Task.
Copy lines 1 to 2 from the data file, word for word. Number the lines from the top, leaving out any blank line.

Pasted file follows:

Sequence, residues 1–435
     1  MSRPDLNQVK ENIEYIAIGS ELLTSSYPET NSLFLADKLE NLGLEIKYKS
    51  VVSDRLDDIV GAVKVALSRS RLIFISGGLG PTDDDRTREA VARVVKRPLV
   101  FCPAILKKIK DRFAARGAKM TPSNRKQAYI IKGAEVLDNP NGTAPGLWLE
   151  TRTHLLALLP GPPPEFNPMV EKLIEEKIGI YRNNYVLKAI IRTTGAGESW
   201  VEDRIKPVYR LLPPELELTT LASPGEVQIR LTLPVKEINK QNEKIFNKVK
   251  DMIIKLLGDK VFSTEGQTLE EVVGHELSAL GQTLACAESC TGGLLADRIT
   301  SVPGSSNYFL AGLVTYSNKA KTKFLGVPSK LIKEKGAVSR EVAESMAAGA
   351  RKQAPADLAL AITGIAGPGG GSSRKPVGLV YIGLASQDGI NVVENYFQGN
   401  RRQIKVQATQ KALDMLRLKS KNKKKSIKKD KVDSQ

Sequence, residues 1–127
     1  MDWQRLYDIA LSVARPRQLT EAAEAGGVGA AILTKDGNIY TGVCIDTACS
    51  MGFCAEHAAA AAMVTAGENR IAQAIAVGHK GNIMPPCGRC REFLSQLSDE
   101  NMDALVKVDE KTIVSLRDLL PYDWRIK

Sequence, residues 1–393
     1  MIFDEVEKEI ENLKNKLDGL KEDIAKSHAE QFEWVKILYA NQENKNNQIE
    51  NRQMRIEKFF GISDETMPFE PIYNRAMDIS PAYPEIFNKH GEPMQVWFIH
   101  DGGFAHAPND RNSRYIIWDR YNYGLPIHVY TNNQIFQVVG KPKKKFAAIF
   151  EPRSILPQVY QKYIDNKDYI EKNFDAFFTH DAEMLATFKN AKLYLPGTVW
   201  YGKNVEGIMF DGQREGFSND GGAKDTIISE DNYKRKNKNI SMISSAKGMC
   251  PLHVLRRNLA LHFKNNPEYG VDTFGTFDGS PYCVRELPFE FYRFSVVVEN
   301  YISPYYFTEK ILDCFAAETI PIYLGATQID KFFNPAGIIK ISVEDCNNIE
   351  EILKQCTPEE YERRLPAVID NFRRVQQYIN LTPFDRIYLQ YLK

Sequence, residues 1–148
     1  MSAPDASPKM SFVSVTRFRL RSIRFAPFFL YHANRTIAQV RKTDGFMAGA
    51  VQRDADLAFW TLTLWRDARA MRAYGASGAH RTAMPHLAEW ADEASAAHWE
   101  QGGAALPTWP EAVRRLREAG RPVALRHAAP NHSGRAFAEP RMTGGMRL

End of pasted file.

Sequence, residues 1–435
     1  MSRPDLNQVK ENIEYIAIGS ELLTSSYPET NSLFLADKLE NLGLEIKYKS